This is antique (it's now September 2016). What is the current status? I live in the Central Valley of California (I'm a Water District general manager) and in this immediate area we have no citrus (too cold in winter on the valley floor, citrus are on the slopes). We have alfalfa and (now, all of a sudden) pistachios. Nowhere near enough water to support all that - but that's a different rant. I would be interested in growing kaffir limes for leaves and perhaps fruit - and also curry tree leaves. How to get uninfected plants?
Love citrus trees. They've always been so easy to grow. In Socal we get from http://paradisenursery.com/product-category/citrus-trees/
I love Citrus trees. Citrus trees should be planted in a sunny and wind-protected area.Trees can be planted at any time duration. However, spring is the best time.To treat infected area, Clean-up and remove all leaf debris under the tree. Prune the lower branches from the tree, those that are more than 2 feet from the ground. Then spray with a fungicide such as Agri-Fos or Captan.
Hello! Your links above are no longer working. :) Good article as I'm thinking of growing a Kaffir lime tree in my home (indoors) for seasoning and having fresh leaves available when needed by freezing them. Is there a restriction on indoor grown Kaffir lime and moving it? Or, do I need to bag it and have it quarantined before moving to a restricted area (Alabama to...??? - anywhere but here GS Civilian) - and even though I'd be keeping it indoors. Thanks in advance for any info you can provide! USDA - Love the work you do every day!
Is it safe to buy a citrus tree from Home Depot with a tag that says"Do not move in or out of a quarantined area? This is in Los Angeles County.
@Diane Baxter - Hi Diane, yes, you can buy a citrus tree from Home Depot. However, the tag indicates that the tree is currently being purchased within a quarantine area. A quarantine is an area where the movement of plants is regulated and it would be a violation of federal regulations to leave the quarantine area with the plant. You can find information about the current quarantine boundaries here: https://www.cdfa.ca.gov/plant/pe/InteriorExclusion/quarantine.html. The quarantines that apply to citrus in California are for the Asian Citrus Psyllid (ACP) and Huanglongbing (HLB) or citrus greening. Citrus is also a host for many fruit flies.
I frequently observe citrus trees for sale at Home Depot and Lowe's that have green fruit that appears to have either canker or greening disfiguration on the fruit. The employees tell me their products are approved for sale by inspectors. Recently I purchased and planted very young Persian lime and Meyer lemon young trees. The lime had a fruit on it the size of a golf ball and their were two others that were slightly smaller and forming. They were clean at purchase. Within 4-6 weeks the larger fruit showed small pock marks similar in appearance to canker spots. A few weeks later the affected area spread to two thirds of the fruit surface looking exactly the same as pictures of canker diseased fruit. Is it possible the trees contacted disease while planted that showed on already forming fruit? There are no other signs of greening, canker or leaf miner activity on the tree or leaves. Any suggestions? My feeling is the box store sold an infected tree because I continuously see these possibly diseased fruits on display at both stores. Any suggestions would be appreciated.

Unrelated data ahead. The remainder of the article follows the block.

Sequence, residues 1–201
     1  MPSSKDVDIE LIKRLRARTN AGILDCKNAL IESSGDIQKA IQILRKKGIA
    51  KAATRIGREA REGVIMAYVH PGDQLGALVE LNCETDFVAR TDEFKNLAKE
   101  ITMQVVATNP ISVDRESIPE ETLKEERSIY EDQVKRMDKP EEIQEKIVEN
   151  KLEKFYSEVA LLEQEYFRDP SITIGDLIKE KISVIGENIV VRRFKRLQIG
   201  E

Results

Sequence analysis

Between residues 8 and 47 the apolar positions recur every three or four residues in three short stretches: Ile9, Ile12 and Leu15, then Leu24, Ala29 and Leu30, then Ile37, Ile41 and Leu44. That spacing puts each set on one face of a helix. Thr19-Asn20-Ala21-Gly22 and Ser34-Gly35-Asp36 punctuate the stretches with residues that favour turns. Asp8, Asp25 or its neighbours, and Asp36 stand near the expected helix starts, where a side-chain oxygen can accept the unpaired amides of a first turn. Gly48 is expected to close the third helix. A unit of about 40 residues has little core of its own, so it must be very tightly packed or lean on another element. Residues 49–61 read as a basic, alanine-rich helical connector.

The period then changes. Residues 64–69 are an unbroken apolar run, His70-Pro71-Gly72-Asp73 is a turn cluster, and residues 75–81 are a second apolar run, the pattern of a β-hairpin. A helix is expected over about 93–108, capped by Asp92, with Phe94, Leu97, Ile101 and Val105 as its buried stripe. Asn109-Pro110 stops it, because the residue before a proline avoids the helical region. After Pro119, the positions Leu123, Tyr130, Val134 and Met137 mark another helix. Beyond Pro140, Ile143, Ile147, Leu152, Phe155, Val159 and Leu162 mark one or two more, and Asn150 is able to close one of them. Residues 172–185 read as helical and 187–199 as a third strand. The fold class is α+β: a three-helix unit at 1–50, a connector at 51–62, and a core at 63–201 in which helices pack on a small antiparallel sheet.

I recently came home from vacation and found my two lemon trees (in Pots) tagged and quarantined. I wondered if it is my whole neighborhood that was quarantined or just how it was known that I had two trees in my backyard. I would think that I should have been notified either by a knock on the door (I was not home) or a note left that it was done and that they had been on my property.
@Irene F Kilstrom - USDA staff and our State agriculture department partners conduct periodic inspections throughout the year to monitor the health of citrus trees in and around citrus-related quarantine areas. You can see where there are citrus-related quarantines at www.aphis.usda.gov/aphis/resources/pests-diseases/save-our-citrus/soc-resources/soc-quarantine-info. Early detection is the most cost effective method to prevent citrus disease outbreaks with minimal impact on homeowners, the environment, economy, and U.S. agriculture.
In 1.Be Aware of Quarantines. it states "Check our interactive quarantine map to learn what areas are under quarantine." The word "our" is misleading since it suggests that the map and associated link is to a USDA managed page, but the link goes to a NON-USDA site. Also, the map is non-functional or non-existent. Please fix this.
@Citrus Fan - Because this blog post is several years old, USDA no longer supports the website and the mapping element described in this blog post. Now, you can find citrus information by logging onto www.aphis.usda.gov/aphis/resources/pests-diseases/save-our-citrus. To find more information about APHIS' citrus health programs, you can go to our Citrus Health Response Program page. For information about quarantines in specific states, please click on the specific citrus pest you are interested in on that page.